The U.S. Department of Agriculture announced recently that it’s returning to pre-COVID-19 rules requiring families to apply for free and reduced lunch.
The move will impact some Ohio families, given the nation’s inflation and the recent rise in food costs and the strain on local soup kitchens and other nonprofits that typically assist needy families.
The government suspended the application process for the income-based subsidy because of the coronavirus pandemic. The USDA offered free meals to students for the 2021-22 school year through the National School Lunch Program (NSLP), Seamless Summer Option (SSO), but that waiver was not extended for the upcoming school year.
So families will once again need to fill out the free and reduced-price school meal applications for children to be eligible for free or reduced-price lunches during the 2022-23 school year. The applications let districts know whether fees can be waived.
The free meals were an important benefit to help meet the needs of students and families, said Brian Kuhn, Clark-Shawnee Local School District Superintendent.
“By ensuring students had access to school meals at no cost, hunger became less of a barrier for students as they accessed their instructional programs,” he said. “Additionally, families facing financial challenges as a result of the pandemic had the ability to ensure their children could receive nutritious meals at schools.”
As an educator, Kuhn saw students directly benefit from free meals over the last two years.
“It is important for families who believe they may qualify for free or reduced lunch to fill out the application for the upcoming school year. This application is required on an annual basis and some families may not have applied during the last two years given the federal program,” he added.
Superintendents from Greenon and Southeastern local schools echoed Kuhn, saying it was a great benefit and unfortunate it’s ending.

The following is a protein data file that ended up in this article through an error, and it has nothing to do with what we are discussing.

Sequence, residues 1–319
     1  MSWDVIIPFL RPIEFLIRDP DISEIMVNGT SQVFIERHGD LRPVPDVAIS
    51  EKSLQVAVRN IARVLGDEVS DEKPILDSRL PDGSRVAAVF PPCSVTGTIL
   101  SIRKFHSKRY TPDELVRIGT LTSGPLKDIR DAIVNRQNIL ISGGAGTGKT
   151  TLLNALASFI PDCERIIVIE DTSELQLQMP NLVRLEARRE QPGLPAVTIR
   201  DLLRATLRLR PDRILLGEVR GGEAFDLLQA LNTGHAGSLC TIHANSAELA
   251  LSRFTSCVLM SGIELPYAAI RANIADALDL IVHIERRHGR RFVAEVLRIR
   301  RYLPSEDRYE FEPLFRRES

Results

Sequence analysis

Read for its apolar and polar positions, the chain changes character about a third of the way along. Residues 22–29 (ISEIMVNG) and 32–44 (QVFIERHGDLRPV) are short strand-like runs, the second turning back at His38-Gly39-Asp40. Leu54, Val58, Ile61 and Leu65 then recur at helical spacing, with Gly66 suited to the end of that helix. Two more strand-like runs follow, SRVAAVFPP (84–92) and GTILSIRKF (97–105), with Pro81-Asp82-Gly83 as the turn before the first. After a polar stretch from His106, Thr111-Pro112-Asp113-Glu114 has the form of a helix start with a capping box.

“Studies have shown the link between meals, good nutrition and students’ ability to learn in the classroom. The program supported this. It is unfortunate that it is ending,” Southeastern Superintendent David Shea said.
This comes as a lot of programs that were implemented as a result of the pandemic and the immediate economic impacts that followed are now going away, said Tyra Jackson, executive director of Second Harvest Food Bank that serves residents in the Springfield area.
But the need has not gone away, especially as many grapple with rising food costs due to inflation. Many are paying more for some common food products, which can cause an economic burden. That has increased pressure on Ohio food banks, which are also grappling with inflation, said Jackson.
“So we are seeing a bit of an increase of people seeking assistance and we anticipate that it is going to get higher,” Jackson said, noting that during the summer months when schools are out, parents have to provide additional meals such as breakfast or lunch that would normally be offered by schools during the school year.
Though the number of people being served by Second Harvest on an annual basis is down compared to the midst of the pandemic, it is still up 25% to 30% when compared to 2019, Jackson said.
Urbana schools superintendent Charles Thiel said the free lunch program was great for families.
“The program was great for our students and families to have free lunches the past two years. I had hope that the benefits of the program would have been recognized and it could have continued,” he said.
Applications for the free or reduced price school meal applications can be found on the school district websites.
The NSLP is normally the nation’s largest food assistance program, operating in nearly 100,000 public and nonprofit private schools and residential childcare institutions, according to the USDA.
In 2020, NSLP participation averaged 22.6 million children each school day, totaling $10.4 billion. In 2019, the average was 29.6 million children at a total of $14.2 billion.
“These declines are attributable to disruptions in the program’s operations in the second half of 2020 due to the coronavirus pandemic, which forced the closure of many schools and childcare institutions. In response to these disruptions and to meet rising food needs during the pandemic, USDA issues waivers allowing for flexibilities in the implementation of the NSLP and expanding the scope and coverage of the program’s SSO,” the USDA stated.
Overall, 3.2 billion meals were served in 2020 through the NSLP or SSO, which was 33.4% less than in 2019. Also in 2020, 76.9% of all meals were free or at a reduced price, a 2.7% increase than in 2019.
The Food and Nutrition Service (FNS) administers the NSLP and reimburses participating schools and institutions for the meals they serve to students. Those from households with incomes at or below 130% of the Federal poverty line can receive a free lunch; between 130- and 185% can receive a reduce-price lunch; and above 185% can receive a low-cost full-price lunch, according to the USDA.